Friday, September 30, 2011

Some Quotations, and Some Observations

“Maybe our favourite quotations say more about us than about the stories and people we’re quoting.” – John Green

I see that I have neglected this poor little blog for some time, and likewise have neglected the various quotations that I collect from hither and thither across the vast and endless internet. This past summer is but a blur, and autumn is shaping up to be no less busy. Are you ever given to thinking that after such-and-such event or season or box on the calendar things will slow down or get back to some kind of vague, unknowable “normal”? Certainly I am. And I’m almost always wrong. Nothing ever slows down, and I’m pretty sure there’s no such thing as “normal.”

“There is more to life than increasing its speed.” – Mohandas Gandhi

Both Gandhi and I are wrong. Computers certainly slow down over time. I had that fact driven home again this past week when, after just over a year of struggling with an ungodly slow, ancient Windows POS computer at the office, a shiny new one arrived on my desk this past week. (Actually, it arrived under my desk, but let’s not quibble.) Where computers are concerned, there is not more to life than increasing its speed!

Still Windows, alas, but at least I don’t have to shovel coal into a chute on the side as I did with the former machine. One of those cases when you knew that a situation was bad, but really had no idea how bad it was until you got out of it.

Had a job like that once, but that’s neither here nor there.

“The righteous care about justice for the poor, but the wicked have no such concern.” – Proverbs 29:7

That one’s been resonating with me a great deal in recent weeks. In modern America, we blame and revile the poor, and insist on making them absolutely destitute before we will bring ourselves to throw them the smallest, most stale scraps. Why? Because we’re a “Christian nation,” of course! Jesus himself gave the parable of the Samaritan who, encountering a man along the road who was beaten and left for dead by robbers, wrinkled his nose in disgust and hied on along the road, muttering to himself that it was the man’s own fault for being on that road in the first place, that the noblest act of civilized society is to allow people to fail, and that it’s morally wrong to help anybody except through “the church.”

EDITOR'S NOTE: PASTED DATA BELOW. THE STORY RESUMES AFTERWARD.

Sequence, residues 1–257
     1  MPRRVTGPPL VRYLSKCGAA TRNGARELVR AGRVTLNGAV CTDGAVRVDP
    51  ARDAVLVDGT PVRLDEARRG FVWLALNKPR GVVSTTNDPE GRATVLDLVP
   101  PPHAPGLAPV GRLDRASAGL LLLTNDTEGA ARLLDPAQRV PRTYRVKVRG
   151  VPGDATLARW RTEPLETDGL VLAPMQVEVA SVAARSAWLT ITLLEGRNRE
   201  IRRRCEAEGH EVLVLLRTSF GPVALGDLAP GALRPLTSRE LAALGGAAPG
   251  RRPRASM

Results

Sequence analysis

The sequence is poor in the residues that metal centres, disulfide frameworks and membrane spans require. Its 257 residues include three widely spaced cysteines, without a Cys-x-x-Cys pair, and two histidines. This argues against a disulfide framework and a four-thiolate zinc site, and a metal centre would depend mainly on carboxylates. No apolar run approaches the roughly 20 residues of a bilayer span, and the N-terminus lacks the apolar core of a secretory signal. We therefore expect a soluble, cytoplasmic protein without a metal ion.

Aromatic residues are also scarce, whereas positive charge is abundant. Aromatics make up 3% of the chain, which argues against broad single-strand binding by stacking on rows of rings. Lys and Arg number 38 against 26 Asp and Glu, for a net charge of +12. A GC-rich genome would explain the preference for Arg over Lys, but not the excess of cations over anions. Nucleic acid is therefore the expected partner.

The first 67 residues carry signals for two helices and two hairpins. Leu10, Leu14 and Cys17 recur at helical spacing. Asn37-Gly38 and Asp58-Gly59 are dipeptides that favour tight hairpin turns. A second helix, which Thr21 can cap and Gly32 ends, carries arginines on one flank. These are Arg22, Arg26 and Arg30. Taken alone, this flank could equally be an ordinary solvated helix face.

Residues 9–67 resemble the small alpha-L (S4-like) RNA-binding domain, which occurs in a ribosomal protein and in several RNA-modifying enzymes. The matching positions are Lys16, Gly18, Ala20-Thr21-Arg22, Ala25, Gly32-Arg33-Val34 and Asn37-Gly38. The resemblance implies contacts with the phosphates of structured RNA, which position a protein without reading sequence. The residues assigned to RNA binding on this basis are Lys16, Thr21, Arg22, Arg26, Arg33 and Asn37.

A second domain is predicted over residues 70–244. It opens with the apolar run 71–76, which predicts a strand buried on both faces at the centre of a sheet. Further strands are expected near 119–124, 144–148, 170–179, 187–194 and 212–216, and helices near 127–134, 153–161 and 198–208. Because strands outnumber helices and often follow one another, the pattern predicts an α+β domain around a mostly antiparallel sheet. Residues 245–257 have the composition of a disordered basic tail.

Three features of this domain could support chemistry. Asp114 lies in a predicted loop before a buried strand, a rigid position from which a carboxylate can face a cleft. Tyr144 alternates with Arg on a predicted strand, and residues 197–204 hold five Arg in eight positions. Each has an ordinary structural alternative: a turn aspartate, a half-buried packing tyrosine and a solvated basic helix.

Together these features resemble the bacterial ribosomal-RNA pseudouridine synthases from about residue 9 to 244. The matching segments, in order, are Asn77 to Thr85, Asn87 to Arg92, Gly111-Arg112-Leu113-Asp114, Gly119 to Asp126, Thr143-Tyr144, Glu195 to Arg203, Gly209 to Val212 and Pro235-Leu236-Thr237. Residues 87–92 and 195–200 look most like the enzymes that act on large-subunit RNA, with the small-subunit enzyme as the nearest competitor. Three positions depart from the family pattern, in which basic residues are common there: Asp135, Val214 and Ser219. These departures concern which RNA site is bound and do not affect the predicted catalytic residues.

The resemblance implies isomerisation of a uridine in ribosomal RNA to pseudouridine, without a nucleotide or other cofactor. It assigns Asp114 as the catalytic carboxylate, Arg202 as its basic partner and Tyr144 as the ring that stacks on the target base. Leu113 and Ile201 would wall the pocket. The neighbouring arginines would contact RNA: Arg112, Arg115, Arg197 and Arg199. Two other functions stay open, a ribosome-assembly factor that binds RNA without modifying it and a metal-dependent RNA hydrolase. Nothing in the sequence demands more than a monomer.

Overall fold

At least, I gather that’s the parable, given how quickly and gleefully the “Christian” right pull the rug out from the less fortunate. Query: What would Jesus do?

“The beginning of wisdom is to call things by their right names.” – Chinese Proverb

Indeed. We continue to call them “conservatives,” as they themselves do. In fact they are not. If any genuine conservatives still exist, they are small in number and quite quiet. Those who are called such today might more accurately be described as “regressives,” since they obviously wish not to conserve anything but rather to dismantle everything and regress to their Hobbesian, Randian, dog-eat-dog ideal.

“During times of universal deceit, telling the truth becomes a revolutionary act.” – George Orwell

We live in a time of universal deceit. The constant repetition of lies, courtesy of Fox, Beck, Limbaugh, Coulter, and the rest of the regressives’ propaganda machine, becomes “truth” to those who lack the moral or intellectual fiber to question what they are show and told, to peer through the opium smoke, to think and see for themselves.

“Too often we enjoy the comfort of opinion without the discomfort of thought.” – John F. Kennedy

Here are more. Some are heavy, some are frothy. There’s more where that came from.

“You can discover what your enemy fears most by observing the means he uses to frighten you.” – Eric Hoffer

“The greatest enemy of truth is very often not the lie, deliberate, contrived and dishonest, but the myth- persistent and persuasive.” – John F. Kennedy

“There are worse crimes than burning books. One of them is not reading them.” – Ray Bradbury

“Nothing so needs reforming as other people’s habits.” – Mark Twain

“Start writing, no matter what. The water does not flow until the faucet is turned on.” – Louis L’Amour (1908 – 1988)

“Give a man a fish, and you’ll feed him for a day; Give him a religion, and he’ll starve to death while praying for a fish.” – Anonymous

“Try not to become a man of success, but rather try to become a man of value.” – Albert Einstein

“To achieve great things, two things are needed; a plan, and not quite enough time.” – Leonard Bernstein

“Pessimism leads to weakness, optimism to power.” – William James

“Forget all the rules. Forget about being published. Write for yourself and celebrate writing.” – Melinda Haynes

“What matters most is how well you walk through the fire.” – Charles Bukowski

“Two possibilities exist: Either we are alone in the Universe or we are not. Both are equally terrifying.” – Arthur C. Clarke

“The weak can never forgive. Forgiveness is the attribute of the strong.” – Mohandas Gandhi